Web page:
I guess this post is a bit of a continuation from the blog post I did about pull testing SPIT type anchors in 2015. Sorry it has taken me so long to get round to doing this!
The original post can be seen here: http://www.peakinstruction.com/blog/pulling-spit-anchors-back-garden-test/.
One of the points of that testing was to ascertain if the sleeve anchors could be removed from the rock in a cave or mine to either de-clutter the wall or allow a resin anchor to be placed in the same location. This is important from a conservation point of view, these sleeve anchors are a bolt rash on the walls of our caves and once stripped of threads, are there forever…. or so I thought.
Jump ahead to now. Simon Wilson has developed the IC Resin Anchor in the Dales and his website has expanded to become a good resource of information relating to the installation and removal of anchors. Most relevant here is the method that he uses to remove old sleeve anchors, one which I am shamelessly copying here in an effort to spread the knowledge and encourage the tidying up of pitch heads. Simon’s site is here: http://www.resinanchor.co.uk/5.html.
I started with the original block of Stoney Dale limestone used for the original testing in 2015.
- If required, dress the rock near your anchor sleeve with a chisel to create a flat area for drilling.
- Drill a 6 or 7mm hole immediately next to the anchor sleeve.
- Drill a second hole parallel to and as close to the first as possible.
- Bore out into a slot using an old drill bit and some wiggling.
- Tap the anchor sleeve into the slot using a cold chisel or old screwdriver.
- Remove the anchor from the hole. This may well need some jiggling about or a bit of extra chiselling. If possible, screw a bolt into the sleeve to aid extraction.
- Fill hole with resin or drill out for the installation of a new resin anchor.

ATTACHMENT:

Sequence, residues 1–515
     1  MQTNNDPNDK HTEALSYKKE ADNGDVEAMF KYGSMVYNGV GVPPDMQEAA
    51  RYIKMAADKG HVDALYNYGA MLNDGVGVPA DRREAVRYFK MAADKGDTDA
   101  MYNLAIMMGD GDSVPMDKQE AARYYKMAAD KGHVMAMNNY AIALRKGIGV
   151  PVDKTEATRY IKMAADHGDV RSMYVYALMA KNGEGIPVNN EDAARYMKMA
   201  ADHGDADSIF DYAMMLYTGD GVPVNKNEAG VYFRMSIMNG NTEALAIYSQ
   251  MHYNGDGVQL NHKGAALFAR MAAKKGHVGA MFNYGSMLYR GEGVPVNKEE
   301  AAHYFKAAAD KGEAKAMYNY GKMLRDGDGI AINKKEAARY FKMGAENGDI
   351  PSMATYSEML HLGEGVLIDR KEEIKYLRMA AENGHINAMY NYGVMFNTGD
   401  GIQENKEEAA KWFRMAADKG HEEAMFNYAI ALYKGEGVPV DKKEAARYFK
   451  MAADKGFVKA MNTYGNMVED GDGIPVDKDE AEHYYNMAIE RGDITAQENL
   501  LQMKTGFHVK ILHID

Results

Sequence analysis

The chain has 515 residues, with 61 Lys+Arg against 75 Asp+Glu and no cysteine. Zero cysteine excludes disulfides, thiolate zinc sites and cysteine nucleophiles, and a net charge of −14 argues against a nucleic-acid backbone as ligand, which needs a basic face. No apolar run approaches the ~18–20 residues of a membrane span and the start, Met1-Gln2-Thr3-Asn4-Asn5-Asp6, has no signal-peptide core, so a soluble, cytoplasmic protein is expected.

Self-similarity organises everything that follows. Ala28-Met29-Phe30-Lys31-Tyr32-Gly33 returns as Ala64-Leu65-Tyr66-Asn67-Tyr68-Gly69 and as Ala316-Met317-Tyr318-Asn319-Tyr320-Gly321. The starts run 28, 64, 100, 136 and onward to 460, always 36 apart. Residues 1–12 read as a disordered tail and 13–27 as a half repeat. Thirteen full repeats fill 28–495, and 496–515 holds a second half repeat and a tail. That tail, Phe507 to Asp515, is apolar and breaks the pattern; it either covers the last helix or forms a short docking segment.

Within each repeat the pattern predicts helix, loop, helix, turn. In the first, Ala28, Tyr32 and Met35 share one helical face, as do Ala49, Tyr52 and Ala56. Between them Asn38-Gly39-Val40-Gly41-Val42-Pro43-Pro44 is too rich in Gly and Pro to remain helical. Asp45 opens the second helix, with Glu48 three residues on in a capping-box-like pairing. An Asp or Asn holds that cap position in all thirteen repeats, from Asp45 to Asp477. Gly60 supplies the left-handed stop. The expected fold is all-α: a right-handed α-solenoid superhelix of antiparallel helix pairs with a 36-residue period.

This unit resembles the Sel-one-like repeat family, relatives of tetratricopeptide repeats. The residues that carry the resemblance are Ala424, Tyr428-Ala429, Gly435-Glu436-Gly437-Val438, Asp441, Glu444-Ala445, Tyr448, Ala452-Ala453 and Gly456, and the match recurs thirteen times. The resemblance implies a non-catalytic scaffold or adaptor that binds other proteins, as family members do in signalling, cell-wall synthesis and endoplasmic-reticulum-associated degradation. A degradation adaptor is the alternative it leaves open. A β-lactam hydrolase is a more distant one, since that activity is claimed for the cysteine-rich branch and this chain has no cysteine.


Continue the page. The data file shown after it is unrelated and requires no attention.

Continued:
Shown with a SPIT 12mm self drilling anchor:
SPIT 12mm self drilling anchor that had sheared off in a previous test:
Another SPIT 12mm self drilling anchor that had sheared off in a previous test:
This removal method works well once you’ve had a little practice and was far less destructive or time consuming than pulling the anchors out with the HAT-28. I also used the same method successfully to remove 10mm lipped sleeve anchors as well (HKD / drop-ins etc…) although have no photos.
As I was drilling so close to the sleeves, occasionally hitting them, this was very hard on drill bits. I melted the head off my cheap 7mm half way through and swapped to the 6mm bit. I’ve just ordered some quad tipped bits from Hilti in the hope that they are tougher. I’ve only ever destroyed one of them in the tough welsh rhyolite of Parc mine.
The remaining triangular hole can then be cleaned out and filled in using an expired resin cartridge with some limestone dust thrown on. It won’t disappear 100% but will be a huge improvement over the old rusty sleeve.
If you plan on re-using the hole for a new anchor, try to position your slot to the intended orientation of the head of a ‘P’ style resin anchor. Once the anchor is placed, make sure the whole hole is filled with resin leaving no voids. You can’t use the SPIT resin vials for this job as they have a set quantity of contents, you will need to have a resin cartridge gun to fill the irregular hole properly.
I hope to begin removing some of the decades of old sleeve anchors in sites now resin bolted and potentially earn some karma points back for anchors of this type that I myself have placed in the past prior to my ‘enlightenment’.
Thanks for reading.